This approach d e s t r o y s t h e Poisson n a t u r e of t h e recorded d a t a s i n c e t h e mean and t h e v a r i a n c e of t h e N!.'s a r e no Longer e q u a l , and t h i s may a f f e c t t h e behaviour of f u t u r e s t a t i s t i c a l t e B t s .

To p r e s e r v e a s much a s p o s s i b l e , t h e Poisson c h a r a c t e r i s t i c s of t h e d a t a we have developed an a l g o r i t h m which transforms t h e o r i g i n a l Poisson v a r i a t e s N i j i n t o a new s e t of random v a r i a b l e s N.'.=f3..Nij, u n c o r r e l a t e d , w i t h common v a r i a n c e and mean e q u a l t o t h e a r i t h m e t i c a v e r a i a o t J t h e X i i .

Such a t r a n s f o r m a t i o n r e l i e s on t h e following p r o p o s i t i o n , t h e proof of which can be found i n 131.

P r o p o s i t i o n : Let X I and X2 be two Poisson independently d i s t r i b u t e d random v a r i a b l e s w i t h parameters

X

and p r e s p e c t i v e l y . Then, t h e random v a r i a b l e s Y1 and Y 2 d e f i n e d by

a r e non-correlated and have t h e same mean and v a r i a n c e (X+u)/2.

With f o u r r . v . (Xl,X2,X3,X4) a two-step procedure i s necessary. The formula (11) a p p l i e d t o couples X , , X 3 and X2,X4 transforms them t o couples Y1,Y3 and Z2,Z4 r e s p e c t i v e l y and a g a i n transforms Y1,Z2 and Y3,Z4 t o f o u r non-correlated r . v . (U1, U2.U3,U4) with t h e same mean and v a r i a n c e . S i m i l a r l y a s e t of 2P r.v. (with p an i n t e g e r ) r e q u i r e s p i t e r a t i o n s .

To e x p l a i n t h e p r a c t i c a l use of t h i s procedure t o c o r r e c t a d i f f r a c t i o n spectrum f o r t h e d e t e c t o r response inhomogeneity l e t u s come back t o t h e c a s e of a two-cell de- t e c t o r . I f we assume t h a t t h e unequal e f f i c i e n c y of t h e c e l l s i s due t o unequal e f f e c t i v e c r o s s - s e c t i o n s , t h i s means t h a t one c e l l counts a p a r t of t h e i n c i d e n t p a r t i c l e s which, i n t h e c a s e of a homogeneous d e t e c t o r , would b e counted by t h e

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mi = Blml + B2m2 mi = B3ml + B4m2

The counts (n1,n2) of the calibration spectrum being large are good estimates of the parameters ( 1 , ~ ) of proportions

Bi

which, from (11) may be taken as:

Finally, one can remark that the a-cohhedon, when applied to the calibration spec- tra used for its determination leads to a non random spectrum while the B-cOJVLedOn as stated above preserves the randomness.

111 - TEMPORAL STABILITY OF THE DETECTOR RESPONSE.

Let us define the following experimental process:

(a) Calibration spectra recorded from a homogeneous background (b) aij or 6ij correction factors are estimated from (a)

(c) later (presumably after some diffraction experiments) new control spectra are recorded from homogeneous background.

In the case of

nehAive

tempokd n Z u b U y , the a or 6-correction applied to the control spectra would lead to hqmogeneous ones. Otherwise a row/column perturbation will be present. The aboolde n . t a b U q

06

kehponw for any future experiment made under identical conditions to the calibration step can be tested by another proce- dure. Such a procedure is based on an approximate two sample test for Poisson pro- cesses, developed in /3/ where the duration of the experiment needed to obtain a specified power is determined.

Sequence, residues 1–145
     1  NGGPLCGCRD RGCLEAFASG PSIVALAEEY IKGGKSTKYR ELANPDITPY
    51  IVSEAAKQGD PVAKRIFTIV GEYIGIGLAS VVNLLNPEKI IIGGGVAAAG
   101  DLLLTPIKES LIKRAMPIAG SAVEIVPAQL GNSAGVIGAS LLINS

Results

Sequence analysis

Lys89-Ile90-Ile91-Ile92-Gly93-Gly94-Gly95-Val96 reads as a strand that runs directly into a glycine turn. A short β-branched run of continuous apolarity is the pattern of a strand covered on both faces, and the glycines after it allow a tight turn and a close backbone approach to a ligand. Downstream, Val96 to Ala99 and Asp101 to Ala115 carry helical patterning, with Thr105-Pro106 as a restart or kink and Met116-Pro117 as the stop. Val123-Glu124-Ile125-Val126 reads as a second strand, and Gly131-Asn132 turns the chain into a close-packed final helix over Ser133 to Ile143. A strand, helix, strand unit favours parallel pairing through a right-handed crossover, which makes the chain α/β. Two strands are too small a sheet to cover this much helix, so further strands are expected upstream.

The subsequent tests are relevant to the relative stability case.

111.1

-

Tests without assumption of row/column heterogeneity

As defined in the introduction the observed countsnij(i=l,n; j=l,m) are realisations of a family

{ N ~ ~ )

of independent Poisson random variables. If the detector was homogeneous, these random variables would be identically distributed and the obser- ved data would be a sample drawn from a Poisson distribution with parameter A. Now if X is a Poisson r.v.the mean of X, denoted by E(X), is equal to the variance of X, V(X) and the ratio

1

is equal to

1.

In our case the common mean and variance of

E -

the Nij's are unknown and have to be estimated by the sample mean and the sample variance of the observed counts,that is by:

which leads to the estimation statistic 7.

v

E

is her's

theorem /5/ states that if nm >

35

and

X

>

3

then the distribution of the random variable

A

E 2

can be adequately approximated by a chi-square

(X

) distribution with nm-1 degrees of freedom. These assumptions are satisfied in our case. Moreover, nm is usually big and the

X2

distribution with (nm-1) degrees is approximated by a normal distri- bution with mean

(m-1)

and variance 2(nm-1). Thus, we know that if the hypothesis of homogeneity Ho is true, the function T of the observations will be distributed

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C5-20 JOURNAL

DE

PHYSIQUE

according t o a normal law whose parameters a r e known. L e t a be a l e v e l of s i g n i - f i c a n c e , t h a t i s t h e maximum p r o b a b i l i t y w i t h which we a r e w i l l i n g t o r e j e c t homo- g e n e i t y when a c t u a l l y t h e r e i s homogeneity;one can f i n d numbers c and d such t h a t t h e p r o b a b i l i t y t h a t T S c when Ho i s t r u e i s l e s s t h a n u/2 and t h e p r o b a b i l i t y t h a t T >, d i s l e s s t h a n 1312. Since a i s s m a l l , i t i s reasoned t h a t T h a s l i t t l e chance of t a k i n g v a l u e s o u t s i d e [ c , d ] when Ho i s t r u e . Thus i f one computes T, i f c 4 T S d t h e n one would n o t wish t o r e j e c t Ho. I n our c a s e t h e t e s t we use a t t h e a-nominal l e v e l i s ,

i f

1 v

> t 2 / 1 2 , r e j e c t homogeneity E

where t denotes t h e 1

- 5

p e r c e n t i l e of t h e s t a n d a r d normal d i s t r i b u t i o n .

u 2